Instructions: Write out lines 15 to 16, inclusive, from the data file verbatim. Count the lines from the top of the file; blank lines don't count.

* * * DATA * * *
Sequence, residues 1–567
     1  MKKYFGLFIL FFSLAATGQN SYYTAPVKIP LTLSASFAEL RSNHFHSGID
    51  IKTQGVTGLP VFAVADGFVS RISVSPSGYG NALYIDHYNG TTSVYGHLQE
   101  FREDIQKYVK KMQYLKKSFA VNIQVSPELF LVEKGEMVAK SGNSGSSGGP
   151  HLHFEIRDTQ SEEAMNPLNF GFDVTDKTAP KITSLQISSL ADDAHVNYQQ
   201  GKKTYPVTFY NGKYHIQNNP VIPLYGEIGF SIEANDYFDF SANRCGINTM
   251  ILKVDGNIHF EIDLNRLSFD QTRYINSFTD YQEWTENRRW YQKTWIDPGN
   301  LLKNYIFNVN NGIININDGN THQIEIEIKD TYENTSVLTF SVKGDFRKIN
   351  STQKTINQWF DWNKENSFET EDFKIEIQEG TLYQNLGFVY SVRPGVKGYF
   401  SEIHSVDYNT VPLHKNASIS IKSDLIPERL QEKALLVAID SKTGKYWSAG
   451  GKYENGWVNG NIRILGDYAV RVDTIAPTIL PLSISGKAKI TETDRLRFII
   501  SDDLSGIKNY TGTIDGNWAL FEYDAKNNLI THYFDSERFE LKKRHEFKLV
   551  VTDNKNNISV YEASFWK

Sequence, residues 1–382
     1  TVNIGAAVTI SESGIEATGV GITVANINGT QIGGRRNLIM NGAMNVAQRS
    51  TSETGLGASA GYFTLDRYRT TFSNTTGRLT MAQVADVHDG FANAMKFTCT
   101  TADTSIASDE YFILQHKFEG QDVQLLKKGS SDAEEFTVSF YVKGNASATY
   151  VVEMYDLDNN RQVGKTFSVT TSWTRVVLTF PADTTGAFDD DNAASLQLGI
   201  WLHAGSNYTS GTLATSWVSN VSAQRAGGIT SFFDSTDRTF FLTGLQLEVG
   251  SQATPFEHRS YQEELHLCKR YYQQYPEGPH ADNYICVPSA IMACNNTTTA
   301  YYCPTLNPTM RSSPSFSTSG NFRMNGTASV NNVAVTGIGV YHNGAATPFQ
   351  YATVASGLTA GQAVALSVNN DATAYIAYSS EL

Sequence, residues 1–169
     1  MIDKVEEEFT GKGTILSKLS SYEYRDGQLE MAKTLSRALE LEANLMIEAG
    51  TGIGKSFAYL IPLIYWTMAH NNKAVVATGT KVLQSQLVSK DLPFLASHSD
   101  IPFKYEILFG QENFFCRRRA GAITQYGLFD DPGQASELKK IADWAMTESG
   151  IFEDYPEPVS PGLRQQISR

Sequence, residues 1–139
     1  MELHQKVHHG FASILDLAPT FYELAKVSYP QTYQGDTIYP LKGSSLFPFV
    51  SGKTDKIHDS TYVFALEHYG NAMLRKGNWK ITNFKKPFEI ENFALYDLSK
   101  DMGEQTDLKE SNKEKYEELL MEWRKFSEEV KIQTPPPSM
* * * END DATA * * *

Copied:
     1  TVNIGAAVTI SESGIEATGV GITVANINGT QIGGRRNLIM NGAMNVAQRS
    51  TSETGLGASA GYFTLDRYRT TFSNTTGRLT MAQVADVHDG FANAMKFTCT